What does making wooden spoons and knowledge management have to do with each other? Read on and I’ll explain in a couple of minutes.
The beginning of everything
For reasons that are not relevant, I started making wooden spoons not long ago. I started with nothing more than a knife and a piece of wood, after watching a Youtube video. In the video a participant in a solo survival competition was making spoons to keep his mind busy. This is already an important part: I knew that wooden spoons could be done, but I didn’t know exactly how to make them. Although it was obvious before watching the video that it is possible to make wooden spoons.
The importance of knowledge
And that’s the point, the first spoon didn’t go too bad. You could clearly see that it was a spoon and could be used as such. But it was not a good spoon (sorry first spoon, it was not your fault). Besides, it took me a long time to make it and I didn’t even treat the wood. In fact, at that time I didn’t even know that it needed to be treated.
And this is where the importance of knowledge comes in. There was A LOT I didn’t know about making wooden spoons. That prevented me from making a good spoon, within an acceptable time frame and with quality. So I looked for knowledge: videos and videos about how to make spoons, how to sharpen a knife or a gouge well, how to “read wood”, how to treat a spoon to be used and a few other things. At the end of the day, I was making a spoon, not a rocket.
Knowing how to do something is very important. It helps you not only to do it better, but possibly even faster or to make better use of your resources. The first time I saw a clear example of this was a few months ago at the 1st Paraisu Startup. There we had a group dynamic to explain the importance of knowledge.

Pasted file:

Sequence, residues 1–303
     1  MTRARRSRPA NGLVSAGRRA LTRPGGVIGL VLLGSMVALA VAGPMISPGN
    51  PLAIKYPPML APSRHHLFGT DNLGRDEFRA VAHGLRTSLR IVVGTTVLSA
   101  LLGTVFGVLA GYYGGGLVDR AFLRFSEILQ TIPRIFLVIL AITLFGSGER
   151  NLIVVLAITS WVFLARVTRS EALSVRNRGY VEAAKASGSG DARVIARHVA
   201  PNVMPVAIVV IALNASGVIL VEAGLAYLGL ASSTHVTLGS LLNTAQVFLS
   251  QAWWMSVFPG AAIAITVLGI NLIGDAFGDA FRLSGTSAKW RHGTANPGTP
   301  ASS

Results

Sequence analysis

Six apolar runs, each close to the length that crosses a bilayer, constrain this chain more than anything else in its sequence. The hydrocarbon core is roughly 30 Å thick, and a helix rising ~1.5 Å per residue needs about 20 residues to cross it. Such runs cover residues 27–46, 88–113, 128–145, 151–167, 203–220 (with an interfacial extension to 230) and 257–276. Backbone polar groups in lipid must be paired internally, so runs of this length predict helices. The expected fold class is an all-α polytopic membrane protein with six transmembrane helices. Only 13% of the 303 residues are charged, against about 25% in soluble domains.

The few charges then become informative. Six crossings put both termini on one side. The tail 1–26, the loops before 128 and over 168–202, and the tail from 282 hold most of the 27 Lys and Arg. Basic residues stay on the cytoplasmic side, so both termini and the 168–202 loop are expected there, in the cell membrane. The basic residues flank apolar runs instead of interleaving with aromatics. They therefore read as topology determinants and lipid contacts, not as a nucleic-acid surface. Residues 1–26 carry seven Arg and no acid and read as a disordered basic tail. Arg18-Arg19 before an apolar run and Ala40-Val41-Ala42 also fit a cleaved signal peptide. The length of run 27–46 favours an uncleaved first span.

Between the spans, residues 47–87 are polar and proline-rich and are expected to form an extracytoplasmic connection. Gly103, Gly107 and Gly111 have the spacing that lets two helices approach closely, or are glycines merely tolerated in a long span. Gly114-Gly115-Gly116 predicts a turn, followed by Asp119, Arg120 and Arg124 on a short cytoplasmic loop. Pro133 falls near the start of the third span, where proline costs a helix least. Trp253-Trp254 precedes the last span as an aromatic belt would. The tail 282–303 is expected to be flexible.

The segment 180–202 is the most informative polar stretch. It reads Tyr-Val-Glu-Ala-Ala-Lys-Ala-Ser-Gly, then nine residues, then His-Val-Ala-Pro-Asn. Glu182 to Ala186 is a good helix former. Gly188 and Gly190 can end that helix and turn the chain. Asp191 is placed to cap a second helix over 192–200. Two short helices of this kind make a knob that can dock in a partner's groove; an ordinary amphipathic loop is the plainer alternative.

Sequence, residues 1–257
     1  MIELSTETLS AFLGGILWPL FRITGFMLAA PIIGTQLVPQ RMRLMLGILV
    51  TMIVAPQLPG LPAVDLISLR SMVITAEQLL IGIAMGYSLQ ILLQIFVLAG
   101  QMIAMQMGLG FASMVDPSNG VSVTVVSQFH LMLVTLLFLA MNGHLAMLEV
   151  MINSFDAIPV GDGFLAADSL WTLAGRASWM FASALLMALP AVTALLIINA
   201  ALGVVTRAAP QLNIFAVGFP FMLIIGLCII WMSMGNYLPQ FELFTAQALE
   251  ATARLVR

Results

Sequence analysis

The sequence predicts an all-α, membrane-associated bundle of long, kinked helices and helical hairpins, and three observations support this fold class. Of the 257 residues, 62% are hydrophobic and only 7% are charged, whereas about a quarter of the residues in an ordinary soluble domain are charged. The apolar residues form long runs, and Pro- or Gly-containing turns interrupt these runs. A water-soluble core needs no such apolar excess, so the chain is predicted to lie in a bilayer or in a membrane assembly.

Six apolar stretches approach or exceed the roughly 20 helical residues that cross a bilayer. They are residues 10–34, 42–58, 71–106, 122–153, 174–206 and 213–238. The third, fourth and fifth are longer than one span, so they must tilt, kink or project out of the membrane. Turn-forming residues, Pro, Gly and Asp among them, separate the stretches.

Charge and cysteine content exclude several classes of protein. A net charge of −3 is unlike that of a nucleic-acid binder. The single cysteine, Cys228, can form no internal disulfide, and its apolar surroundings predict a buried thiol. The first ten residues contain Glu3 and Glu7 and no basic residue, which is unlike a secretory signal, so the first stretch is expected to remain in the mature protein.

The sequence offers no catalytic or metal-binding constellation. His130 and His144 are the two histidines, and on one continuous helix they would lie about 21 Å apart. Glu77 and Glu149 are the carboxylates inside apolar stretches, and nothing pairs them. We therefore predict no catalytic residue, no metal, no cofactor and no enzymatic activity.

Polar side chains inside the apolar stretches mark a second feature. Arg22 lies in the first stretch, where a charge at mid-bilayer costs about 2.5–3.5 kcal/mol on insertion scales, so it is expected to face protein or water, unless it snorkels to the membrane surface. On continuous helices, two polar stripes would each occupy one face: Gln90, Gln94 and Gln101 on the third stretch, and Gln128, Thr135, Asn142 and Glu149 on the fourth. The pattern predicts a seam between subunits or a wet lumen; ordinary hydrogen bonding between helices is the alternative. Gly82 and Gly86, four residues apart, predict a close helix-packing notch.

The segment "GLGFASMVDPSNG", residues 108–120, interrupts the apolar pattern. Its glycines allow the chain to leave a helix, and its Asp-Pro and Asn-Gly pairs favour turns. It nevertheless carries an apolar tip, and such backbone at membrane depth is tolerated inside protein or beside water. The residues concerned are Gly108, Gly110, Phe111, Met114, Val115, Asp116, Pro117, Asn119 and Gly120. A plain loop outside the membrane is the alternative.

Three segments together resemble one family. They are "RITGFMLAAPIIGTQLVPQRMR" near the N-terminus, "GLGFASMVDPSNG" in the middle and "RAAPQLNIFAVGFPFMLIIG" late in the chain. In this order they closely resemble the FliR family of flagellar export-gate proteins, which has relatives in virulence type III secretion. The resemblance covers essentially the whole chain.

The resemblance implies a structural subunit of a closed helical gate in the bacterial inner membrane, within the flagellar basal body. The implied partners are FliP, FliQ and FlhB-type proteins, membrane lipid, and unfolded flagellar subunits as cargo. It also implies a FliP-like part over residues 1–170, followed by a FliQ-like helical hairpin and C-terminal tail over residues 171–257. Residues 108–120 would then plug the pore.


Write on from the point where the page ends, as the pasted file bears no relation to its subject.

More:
The paper tower dynamic
Basically this dynamic consists of trying to make a tower as high as possible with given materials (in this case, a large sheet of paper, some pieces of jenga, some Moorish skewers and rubber bands). Normally every group managed to make a tower, but not too high in the first attempt. After that attempt they showed you how other teams from other editions had managed to make the tower taller.
In a matter of minutes and with a couple of images, you go from a tower that barely reaches a meter high, to a tower that practically reaches the ceiling. The materials were the same, the people who made the tower were the same as a few minutes before, but now they knew how to do it.
And that’s the importance of knowledge, it can make you better even at things you can already do. Someone found a better way to do it, and if they share it with you and you learn that knowledge, you can apply it from that very moment and improve.
Do you know a tool that does that very well (the knowledge sharing I mean)? It’s called Zapiens, I invite you to know about it.